Writing a new world
When Baby Haldar’s ‘Aalo Andhari’ came out in 2002, it was a bombshell. A searing narration of how she was sold off at 13, raped, and then eked out a living as a domestic worker, stealing time to write between work, the book catapulted Haldar into literary stardom.
When her book was translated into English in 2006 by writer and publisher Urvashi Butalia, it took her fame global. The royalties from the book allowed her three children to be put in good schools, and build a small house for herself. But despite all this, she never earned like a superstar writer, and continues to work in an NGO.
In many ways, Haldar’s story encapsulates the journey of women and writing in India – one that has made giant strides but continues to be dogged by old prejudices and structural restraints. It also spotlights the change women from the margins can effect when they pick up the pen.
The publishing scene
When Butalia and Ritu Menon set up Kali for Women in 1984, the biggest challenge was to get women to believe what they had to say was important, says Butalia.
And the logistical hiccups, as a publishing company were many. Radha Kumar’s ‘A History of Doing’, which would go on to be a seminal text in feminist literature, was commissioned in the mid 1980s but published only in 1993. During the writing of ‘Recasting Women’ by Kumkum Sangari and Sudesh Vaid, Butalia would take turns to babysit Sangari’s infant child so that she could focus on her writing.
In 2003, Menon and Butalia split, with the former setting up Women Unlimited and the latter Zubaan Books. For Butalia, a big change is the number of women writing today, and the variety of genres they are writing in. She gives the examples of humour and satire, which used to be male preserves.
The primary concern remains about how to give “voice to collective knowledge created from ground,” Butalia argues.
Breaking the stereotype
The stereotype of women writers not selling well has also been smashed. “Some of our prominent books by women authors -Arundhati Roy’s ‘God of Small Things’, ‘Ministry of Utmost Happiness’, and Sudha Murty’s books ‘Three Thousand Stitches’ and ‘Wise and Otherwise’ collectively sold several lakhs of copies,” said Ranjana Sengupta, deputy publisher, Penguin Random House India, which is running a campaign called The Women’s Library with SheThePeople to showcase women writers online.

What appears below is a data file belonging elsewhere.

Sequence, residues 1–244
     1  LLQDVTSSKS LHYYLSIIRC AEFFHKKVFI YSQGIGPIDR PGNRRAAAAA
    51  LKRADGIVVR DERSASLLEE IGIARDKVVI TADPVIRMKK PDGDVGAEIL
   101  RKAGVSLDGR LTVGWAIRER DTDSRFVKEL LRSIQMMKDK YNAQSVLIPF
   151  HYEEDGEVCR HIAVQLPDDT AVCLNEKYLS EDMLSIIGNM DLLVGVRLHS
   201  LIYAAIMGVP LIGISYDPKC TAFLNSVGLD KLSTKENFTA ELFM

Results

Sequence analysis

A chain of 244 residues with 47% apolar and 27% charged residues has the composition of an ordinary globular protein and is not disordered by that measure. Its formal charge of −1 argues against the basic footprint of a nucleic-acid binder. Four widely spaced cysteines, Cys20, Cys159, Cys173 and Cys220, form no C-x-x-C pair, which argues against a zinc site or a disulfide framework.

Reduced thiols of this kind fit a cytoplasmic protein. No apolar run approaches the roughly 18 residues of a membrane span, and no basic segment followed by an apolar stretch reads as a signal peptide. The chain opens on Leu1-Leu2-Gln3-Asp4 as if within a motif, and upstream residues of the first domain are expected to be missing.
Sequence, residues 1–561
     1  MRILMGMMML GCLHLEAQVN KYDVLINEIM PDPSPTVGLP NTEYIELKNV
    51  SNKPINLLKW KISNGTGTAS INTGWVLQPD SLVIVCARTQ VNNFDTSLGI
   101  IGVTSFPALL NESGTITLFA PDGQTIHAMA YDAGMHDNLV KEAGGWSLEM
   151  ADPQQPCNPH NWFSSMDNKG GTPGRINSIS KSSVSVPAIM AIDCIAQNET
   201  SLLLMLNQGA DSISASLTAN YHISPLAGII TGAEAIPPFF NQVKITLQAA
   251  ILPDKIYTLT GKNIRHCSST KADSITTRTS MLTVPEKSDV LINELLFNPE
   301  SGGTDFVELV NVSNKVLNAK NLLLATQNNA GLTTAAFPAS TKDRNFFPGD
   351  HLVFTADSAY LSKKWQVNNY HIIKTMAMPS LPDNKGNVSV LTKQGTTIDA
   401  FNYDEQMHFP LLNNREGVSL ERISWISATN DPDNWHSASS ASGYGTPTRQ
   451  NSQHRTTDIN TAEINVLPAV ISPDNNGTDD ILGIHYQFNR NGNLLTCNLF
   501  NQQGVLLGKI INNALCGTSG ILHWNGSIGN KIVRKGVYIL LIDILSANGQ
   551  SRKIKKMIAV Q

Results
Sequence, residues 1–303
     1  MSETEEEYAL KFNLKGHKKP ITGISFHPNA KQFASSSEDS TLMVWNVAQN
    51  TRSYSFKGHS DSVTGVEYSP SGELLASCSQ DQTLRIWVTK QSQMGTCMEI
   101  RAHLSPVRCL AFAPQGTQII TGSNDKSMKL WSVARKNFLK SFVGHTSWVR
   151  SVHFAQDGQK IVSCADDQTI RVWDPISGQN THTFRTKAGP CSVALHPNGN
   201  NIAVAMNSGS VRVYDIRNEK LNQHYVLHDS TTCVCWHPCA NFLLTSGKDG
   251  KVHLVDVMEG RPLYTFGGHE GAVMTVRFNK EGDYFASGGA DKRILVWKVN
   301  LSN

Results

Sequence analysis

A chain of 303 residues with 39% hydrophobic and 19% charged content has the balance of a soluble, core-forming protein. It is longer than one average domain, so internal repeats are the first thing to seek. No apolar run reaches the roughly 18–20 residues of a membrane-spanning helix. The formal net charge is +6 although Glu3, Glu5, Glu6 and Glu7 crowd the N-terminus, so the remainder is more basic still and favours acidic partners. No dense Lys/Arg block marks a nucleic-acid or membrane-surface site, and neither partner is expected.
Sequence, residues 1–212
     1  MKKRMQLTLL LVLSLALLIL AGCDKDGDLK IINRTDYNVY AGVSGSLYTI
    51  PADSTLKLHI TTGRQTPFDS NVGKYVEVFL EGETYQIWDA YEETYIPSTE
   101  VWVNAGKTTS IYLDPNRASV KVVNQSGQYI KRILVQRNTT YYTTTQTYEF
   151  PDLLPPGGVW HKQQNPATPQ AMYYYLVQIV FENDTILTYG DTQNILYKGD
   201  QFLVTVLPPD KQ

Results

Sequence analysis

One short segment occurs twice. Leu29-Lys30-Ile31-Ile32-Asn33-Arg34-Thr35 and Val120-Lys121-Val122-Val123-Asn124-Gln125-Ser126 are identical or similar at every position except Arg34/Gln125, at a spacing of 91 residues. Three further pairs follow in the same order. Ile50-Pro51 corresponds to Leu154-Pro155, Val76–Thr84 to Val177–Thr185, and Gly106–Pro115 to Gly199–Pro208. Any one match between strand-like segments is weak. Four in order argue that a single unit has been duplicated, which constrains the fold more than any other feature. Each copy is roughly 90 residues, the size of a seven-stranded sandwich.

At the other end of the spectrum are small publishing houses that were the pioneers of women’s writing and are women-led and run. Mandira Sen, who set up Stree Books in 1990, states that big companies were risk averse in the early years. but this has changed, as has Dalit, LGBT writing.
From the margins
The span of women’s writing now spans satire to science fiction, from queer-trans experiences and North eastern writing to Dalit articulation. But it was not always like this.
Maya Sharma, who wrote the landmark 2006 book ‘Loving Women’, remembers the pervasive silence around lesbian experiences, even within the Left and women’s movement. “I thought I would have difficulty finding people to talk, but people were keen to share their lives,” she says.
Similar ground was broken by Tamil writer Living Smile Vidya’s searing autobiography and A Revathi’s ‘The Truth About Me’, which transformed the literature around transpeople in India and brought out many trans writers.
The bias against women from marginalised communities is often pernicious and subtle, as academic Ghazala Jamil found out. She was repeatedly asked by senior academics to lay out experiences and narratives but avoid theorising.
A similar curtain of silence continues to veil disabled women writers and their issues.
Some of the biggest transformation in literature has been led by Dalit women, who have changed not only what women’s experiences mean, but what good literature is. The words of people such as Bama, Shanta Kamble and Urmila Pawar underscore the important place of women in the Ambedkarite movement, and the fact that Dalit women have been writing far before the 80s and 90s.